3) Middletown Golden Rye (#2) - see #2 above. It is NOT a Nevada bottle.

4) Columbia Rye / C. Thomas - allegedly Pioneer, Nevada. Columbia Rye was registered to two separate firms at different times; COLUMBIA WINE & LIQUOR CO. of Albany, NY. and MORRIS LASKY Baltimore, MD. The small camp named Pioneer Nevada, located in the Bullfrog District, dated ca. 1908 (burned 1909 & rebuilt) - ca. 1916. I found no reference to the presence of a saloon (although it undoubtedly had one) and or a C. Thomas in the camp. Jury is still out but most probably, NOT a Nevada bottle.

5) Bon Ton - allegedly Tuscarora, Nevada. The "Bon Ton" brand was registered to Strauss - Pritz & Co. of Cincinnati, OH. The faceted bulbous style back bar decanter is in keeping with east coast back bar decanters. Nothing found to indicate that this was a Nevada brand. It is NOT a Nevada bottle.

6) International Hotel - allegedly Virginia City (VC), Nevada. The International Hotel, originally located at C Street and Union, was built ca. 1860. Later a larger International Hotel was erected at B Street and Union. It burned and was rebuilt on the same sight, with the final building going to the ground for good thanks to a fire on December 12, 1914. There is a possibility that this bottle dates to the third and final incarnation of the International Hotel in VC. (however, a quick internet search reveals that just about every large city from east coast to west, had an "International Hotel" prior to 1900).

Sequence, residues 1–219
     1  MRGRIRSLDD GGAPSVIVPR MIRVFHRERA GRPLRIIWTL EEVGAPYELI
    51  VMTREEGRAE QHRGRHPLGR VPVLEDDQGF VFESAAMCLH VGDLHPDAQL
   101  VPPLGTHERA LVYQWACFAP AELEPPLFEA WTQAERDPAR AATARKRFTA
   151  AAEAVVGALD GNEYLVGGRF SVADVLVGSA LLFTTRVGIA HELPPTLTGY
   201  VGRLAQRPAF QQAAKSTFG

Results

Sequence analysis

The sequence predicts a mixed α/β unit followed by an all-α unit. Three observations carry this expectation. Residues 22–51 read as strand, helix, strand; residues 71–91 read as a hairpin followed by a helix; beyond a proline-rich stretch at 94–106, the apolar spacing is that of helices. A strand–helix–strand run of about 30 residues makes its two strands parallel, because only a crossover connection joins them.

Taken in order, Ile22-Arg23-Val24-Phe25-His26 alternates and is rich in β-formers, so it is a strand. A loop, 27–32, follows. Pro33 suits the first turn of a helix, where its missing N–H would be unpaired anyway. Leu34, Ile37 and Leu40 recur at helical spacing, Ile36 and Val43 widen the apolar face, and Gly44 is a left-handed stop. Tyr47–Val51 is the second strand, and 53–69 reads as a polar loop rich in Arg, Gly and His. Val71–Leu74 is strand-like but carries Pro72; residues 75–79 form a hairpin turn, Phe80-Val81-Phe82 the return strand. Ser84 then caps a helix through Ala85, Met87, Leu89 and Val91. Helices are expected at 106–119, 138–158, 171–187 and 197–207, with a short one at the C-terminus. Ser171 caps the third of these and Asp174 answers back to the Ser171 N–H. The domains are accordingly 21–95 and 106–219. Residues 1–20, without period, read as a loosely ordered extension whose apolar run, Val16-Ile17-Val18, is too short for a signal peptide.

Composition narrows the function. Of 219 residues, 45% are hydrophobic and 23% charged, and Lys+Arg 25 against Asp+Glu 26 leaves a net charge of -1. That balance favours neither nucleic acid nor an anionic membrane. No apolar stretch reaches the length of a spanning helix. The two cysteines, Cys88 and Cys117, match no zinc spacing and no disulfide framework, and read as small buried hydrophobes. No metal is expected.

7) Hermitage - allegedly Gold Hill, Nevada. The brand was registered to W. A. Gaines & Co. of Frankfort, KY. The nearest reseller of the brand that I could locate was John Sroufe of San Francisco, who had rights to it ca. turn f the century. Nothing found to indicate that this was a Nevada brand. It is NOT a Nevada bottle.

8) Hermitage (#2)- see #7 above. It is NOT a Nevada bottle.

9) Tahoe Whiskey / Old Globe - allegedly Carson City, Nevada. Unable to locate a pre-prohibition "Tahoe Whiskey" or "Old Globe" (in any context) link to any particular distiller, reseller or wholesaler. An "Old Globe Saloon" is located at 407 No. Curry in Carson City. According to the E. Clampus Vitus plaque, the original was built in 1870 on Carson St., at a different location than the current bar. It was closed down by prohibition ca. 1918. The current location was built in 1971. A Tahoe Rye Whiskey is currently being made, but I was unable to find anything remotely linking it to turn of the century western whiskeyana. A Tahoe Soda Springs existed at Lake Tahoe ca. 1900 - but no relationship found between the two. My gut feeling is that it has the "right look" to be western. If so, it's a hitter. Jury is still out - may, or may not, be a Nevada bottle.

10) A. Fischer / Wells, Nev. - Allegedly from Wells, Nevada. Well, it does say "Wells, Nev." Kinda takes the guess work out of this one. A rare and desirable amber cylinder with white enameled lettering. This is a top shelf back bar that any advanced collector would welcome into a collection!

11) Belmont - Allegedly from Belmont, Nevada. The Belmont brand was registered to Belmont Distillery of Louisville, KY. The reseller of the brand nearest Nevada, that I could locate, was James Gibb of San Francisco. Gibb had rights to it ca. turn of the century. Nothing found to indicate that this was a Nevada brand. It is NOT a Nevada bottle.